Buyers give Alitalia unions new ultimatum
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Unions at ailing airline Alitalia have been given less than 24 hours to accept a rescue offer or watch the company go bankrupt. A consortium will meet at 4 pm on Thursday (GMT + 2) to decide whether to save the Italian airline.
Alitalia's trade unions were warned Wednesday they had less than 24 hours to accept a deal on a rescue plan for the ailing airline, ANSA news agency reported.
"The reply must come in by 3:50 pm (1350 GMT) on Thursday, or 10 minutes before the consortium behind the plan meets to decide whether to save Alitalia from bankruptcy," ANSA quoted government official Gianni Letta as saying.
Roberto Colaninno, the head of the Italian Air Company (CAI) consortium, for his part threatened that "without a consensus, I will withdraw the offer," ANSA reported.
They were speaking at a meeting between CAI and the nine unions, which was also attended by Labour Minister Maurizio Sacconi.
Sacconi said the time for negotiations was over, though Sky TG 24 television said five unions were to make counter-proposals at Wednesday's meeting.
The other four unions signed a draft agreement Monday, but the move sparked attacks from pilots and cabin crews, and continuing strike action by some employees on Wednesday forced the cancellation of nearly 100 Alitalia flights.
Some 1,000 people also demonstrated at the Rome-Fiumicino airport in support of the strike.
The plan has divided the unions, with holdout syndicates continuing to air doubts about it.
Renata Polverini, general secretary of the Uil Transport union which signed the draft agreement, appealed to the pilots' union, in particular, to be more flexible.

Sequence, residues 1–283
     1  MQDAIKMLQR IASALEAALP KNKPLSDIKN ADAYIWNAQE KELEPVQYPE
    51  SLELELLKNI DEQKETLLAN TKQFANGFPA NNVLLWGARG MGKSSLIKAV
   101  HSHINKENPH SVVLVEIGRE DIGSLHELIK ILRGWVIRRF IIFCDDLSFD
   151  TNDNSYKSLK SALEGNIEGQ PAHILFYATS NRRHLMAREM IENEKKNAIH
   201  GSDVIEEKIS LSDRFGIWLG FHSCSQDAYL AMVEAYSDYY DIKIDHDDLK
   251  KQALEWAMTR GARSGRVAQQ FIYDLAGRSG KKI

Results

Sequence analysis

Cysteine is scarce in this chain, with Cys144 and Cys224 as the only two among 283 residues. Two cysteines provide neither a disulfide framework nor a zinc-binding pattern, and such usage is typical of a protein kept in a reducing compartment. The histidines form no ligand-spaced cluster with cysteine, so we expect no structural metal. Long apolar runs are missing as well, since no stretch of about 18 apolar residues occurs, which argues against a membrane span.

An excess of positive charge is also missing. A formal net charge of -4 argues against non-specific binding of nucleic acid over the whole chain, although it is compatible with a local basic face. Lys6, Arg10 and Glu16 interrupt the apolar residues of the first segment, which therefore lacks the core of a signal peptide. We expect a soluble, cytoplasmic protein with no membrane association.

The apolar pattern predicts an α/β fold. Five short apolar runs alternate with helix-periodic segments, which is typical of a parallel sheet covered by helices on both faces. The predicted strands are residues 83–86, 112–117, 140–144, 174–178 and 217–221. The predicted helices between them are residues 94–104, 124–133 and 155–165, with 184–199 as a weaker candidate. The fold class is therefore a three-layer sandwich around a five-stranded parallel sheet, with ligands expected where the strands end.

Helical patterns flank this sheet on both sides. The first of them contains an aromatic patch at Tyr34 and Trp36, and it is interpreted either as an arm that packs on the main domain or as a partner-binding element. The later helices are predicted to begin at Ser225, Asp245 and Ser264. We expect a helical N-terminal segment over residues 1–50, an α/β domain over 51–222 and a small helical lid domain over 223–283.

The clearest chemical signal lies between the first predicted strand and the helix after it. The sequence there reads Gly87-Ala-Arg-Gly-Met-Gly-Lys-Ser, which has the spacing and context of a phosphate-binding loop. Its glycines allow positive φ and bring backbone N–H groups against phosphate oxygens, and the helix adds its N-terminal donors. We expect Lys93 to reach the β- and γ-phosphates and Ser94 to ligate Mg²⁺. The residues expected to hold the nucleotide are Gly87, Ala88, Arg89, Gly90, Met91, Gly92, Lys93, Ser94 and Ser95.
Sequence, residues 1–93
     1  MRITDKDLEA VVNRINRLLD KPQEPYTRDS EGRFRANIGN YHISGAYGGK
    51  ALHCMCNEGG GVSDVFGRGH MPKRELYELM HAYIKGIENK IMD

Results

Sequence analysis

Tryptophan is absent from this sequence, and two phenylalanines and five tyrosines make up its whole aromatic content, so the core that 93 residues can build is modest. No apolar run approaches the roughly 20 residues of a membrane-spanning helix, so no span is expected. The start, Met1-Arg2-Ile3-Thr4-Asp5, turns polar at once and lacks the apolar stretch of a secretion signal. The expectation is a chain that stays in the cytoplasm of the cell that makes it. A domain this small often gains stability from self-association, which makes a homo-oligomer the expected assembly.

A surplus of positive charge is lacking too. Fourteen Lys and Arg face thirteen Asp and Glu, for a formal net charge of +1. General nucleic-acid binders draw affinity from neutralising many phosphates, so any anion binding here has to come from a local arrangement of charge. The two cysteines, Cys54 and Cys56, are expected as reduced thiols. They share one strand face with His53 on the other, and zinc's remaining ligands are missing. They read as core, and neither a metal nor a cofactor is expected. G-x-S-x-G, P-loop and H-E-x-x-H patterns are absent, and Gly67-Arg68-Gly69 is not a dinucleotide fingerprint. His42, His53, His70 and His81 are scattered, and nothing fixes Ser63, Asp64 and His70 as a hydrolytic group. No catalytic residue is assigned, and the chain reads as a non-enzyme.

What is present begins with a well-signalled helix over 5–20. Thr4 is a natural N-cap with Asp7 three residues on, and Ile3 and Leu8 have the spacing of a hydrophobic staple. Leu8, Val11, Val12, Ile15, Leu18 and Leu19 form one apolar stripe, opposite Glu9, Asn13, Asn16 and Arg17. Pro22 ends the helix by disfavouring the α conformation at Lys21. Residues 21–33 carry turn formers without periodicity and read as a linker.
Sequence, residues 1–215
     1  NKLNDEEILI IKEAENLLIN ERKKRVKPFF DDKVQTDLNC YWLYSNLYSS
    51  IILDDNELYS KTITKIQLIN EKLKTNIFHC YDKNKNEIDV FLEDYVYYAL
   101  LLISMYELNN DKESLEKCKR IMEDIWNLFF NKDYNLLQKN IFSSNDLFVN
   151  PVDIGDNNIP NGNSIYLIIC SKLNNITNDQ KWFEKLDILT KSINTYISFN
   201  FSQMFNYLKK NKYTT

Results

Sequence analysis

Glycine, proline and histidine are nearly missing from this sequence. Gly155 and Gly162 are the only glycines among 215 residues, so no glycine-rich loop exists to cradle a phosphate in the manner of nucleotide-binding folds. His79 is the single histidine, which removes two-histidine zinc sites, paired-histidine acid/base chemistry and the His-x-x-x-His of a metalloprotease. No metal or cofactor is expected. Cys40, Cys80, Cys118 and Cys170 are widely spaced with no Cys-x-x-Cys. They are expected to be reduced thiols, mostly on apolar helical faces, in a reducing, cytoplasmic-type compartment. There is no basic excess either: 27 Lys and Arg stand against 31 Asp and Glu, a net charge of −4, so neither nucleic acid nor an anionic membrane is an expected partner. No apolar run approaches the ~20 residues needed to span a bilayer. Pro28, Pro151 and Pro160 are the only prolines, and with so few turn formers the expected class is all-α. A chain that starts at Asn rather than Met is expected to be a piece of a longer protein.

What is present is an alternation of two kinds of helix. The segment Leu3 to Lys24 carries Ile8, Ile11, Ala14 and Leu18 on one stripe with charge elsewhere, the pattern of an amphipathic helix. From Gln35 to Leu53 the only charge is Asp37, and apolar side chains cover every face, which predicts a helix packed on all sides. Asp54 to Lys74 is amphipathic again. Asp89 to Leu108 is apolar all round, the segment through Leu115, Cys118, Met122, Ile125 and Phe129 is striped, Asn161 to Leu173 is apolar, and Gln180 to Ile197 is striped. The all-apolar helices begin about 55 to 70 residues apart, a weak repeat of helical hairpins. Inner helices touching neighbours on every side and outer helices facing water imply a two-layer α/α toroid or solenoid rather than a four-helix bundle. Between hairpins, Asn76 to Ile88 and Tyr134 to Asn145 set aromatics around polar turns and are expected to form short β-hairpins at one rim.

"I think at this time, we all need to make an extra effort to get out of this situation in the best way possible," Polverini said.
But Massimo Notaro, president of the UP pilots' union, judged the takeover offer "very weak and leaves us extremely skeptical."
And the country's leading CGIL syndicate said was prepared to reject the deal "if nothing changes," its national secretary Fabrizio Solari said.
Still the government offered an upbeat take on the negotiations.
"I have been and I remain confident," said transportation minister Altero Matteoli. "Nobody today has said no."
The potential buyers, who are ready to put one billion euros (1.4 billion dollars) on the table, have proposed a plan that would reduce the number of workers by 3,250 to 12,500.
CAI administrator Rocco Sabelli said the consortium was prepared to leave wages untouched, but on condition that working hours and productivity are increased.
The CAI plan also provides for a foreign airline taking a minority stake in the new Alitalia. Sacconi said British Airways, Air France-KLM and Lufthansa were all interested, and would not be looking to buy the company.
Alitalia employs a total of 20,000 people, but certain offshoots, such as maintenance and freight operations will be hived off.
Alitalia's collapse would be a political embarrassment for Prime Minister Silvio Berlusconi, who had promised before the last elections that he would keep it flying under Italian control.
He said on Monday that unions holding out against the rescue deal should recognise that there is no alternative.
"The moment has come to appeal to the sense of responsibility of all those who hesitate and seem not to realise that the alternative is bankruptcy and the loss of 20,000 jobs," said Berlusconi, quoted by ANSA.
The minority union that called Wednesday's strike, CUB Trasporti, bitterly criticised the scheme to restructure the airline, saying it would reduce Alitalia to little more than a domestic carrier.
The government currently holds a 49.9 percent share in Alitalia, a national symbol for Italians since it was founded in 1946, which has lurched for years from crisis to crisis, and from restructuring plans to the latest takeover rescue scheme.
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